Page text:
Moving on to tenosynovial giant cell tumor (TGCT), could you discuss some recent advances in treatment?

It's a very exciting time in this arena. The ENLIVEN trial is an incredible study with a lot of collaborators showing that pexidartinib (Turalio), a CSF1 inhibitor, can target patients with this disease. In TGCT, we have 2 sub classes: giant cell tumor of the tendon sheath and pigmented villonodular synovitis. These are benign conditions, for the most part, but they grow very aggressively, particularly around the knee and other areas that can be debilitating for patients.

Up until recently, the standard of care has been surgical removal. However, you can execute a great operation, clean it all out, but then it grows back over a period of time. This new drug [pexidartinib] has shown really remarkable results through this trial. It does not get rid of the tumor entirely, but it shrinks it and reduces some of the symptoms that these patients suffer. Now, we have a pill that a patient can take for a bad condition and improve their quality of life.

What other agents in the pipeline look promising?

Specific to TGCT, there are other drugs that have some promise. Imatinib (Gleevec), which has been on the market, has some benefit in some patients. There's also tumor necrosis factor (TNF)-alpha inhibition that can also help, but there are a lot of adverse events. There are other drugs in the pipeline, making it so that if a patient develops progression after a period of time on one drug, we might be able to go to another.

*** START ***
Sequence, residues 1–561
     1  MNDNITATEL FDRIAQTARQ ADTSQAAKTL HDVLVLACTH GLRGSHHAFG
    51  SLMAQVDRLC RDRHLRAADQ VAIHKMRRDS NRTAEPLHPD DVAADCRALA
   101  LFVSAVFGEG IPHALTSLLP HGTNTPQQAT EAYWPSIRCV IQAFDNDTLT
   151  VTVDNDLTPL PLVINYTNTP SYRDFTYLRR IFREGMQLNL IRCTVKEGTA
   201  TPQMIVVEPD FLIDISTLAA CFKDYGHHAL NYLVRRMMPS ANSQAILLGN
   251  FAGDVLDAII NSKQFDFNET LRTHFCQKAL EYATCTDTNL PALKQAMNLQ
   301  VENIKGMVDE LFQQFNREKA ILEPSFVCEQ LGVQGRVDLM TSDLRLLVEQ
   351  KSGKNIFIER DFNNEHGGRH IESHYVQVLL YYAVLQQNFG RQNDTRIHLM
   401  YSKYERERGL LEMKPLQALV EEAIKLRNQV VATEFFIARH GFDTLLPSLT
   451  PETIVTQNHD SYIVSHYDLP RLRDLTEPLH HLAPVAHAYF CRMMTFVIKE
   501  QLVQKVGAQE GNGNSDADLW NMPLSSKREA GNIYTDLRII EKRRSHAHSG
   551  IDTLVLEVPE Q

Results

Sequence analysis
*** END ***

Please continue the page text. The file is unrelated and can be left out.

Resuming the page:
Beyond TGCT, there are all kinds of exciting stuff that is coming out. There are drugs that we use in situations where we have metastatic carcinoma to the bone. While we take care of primary bone cancers, we also take care of patients when they have another type of cancer, such as breast cancer or prostate cancer, that spreads from those sites to the bone. To treat these diseases, there are bisphosphonates and rank ligand inhibitors that have been shown to slow down this process and improve the quality of life for patients.

Are there any precision medicine efforts in this field?

In the primary bone sarcomas and primary soft tissue sarcomas, we are involved in doing some very deep sequencing of the tumor to look for mutations that can be targeted with the cadre of targeting agents. Patients with these tumors who receive chemotherapy will receive conventional chemotherapy. If they fail that, then they will go on to some of these other agents. At the University of California Davis Health, we try to take some of the original tumor when we diagnose it on biopsy and store that for [precision medicine treatments].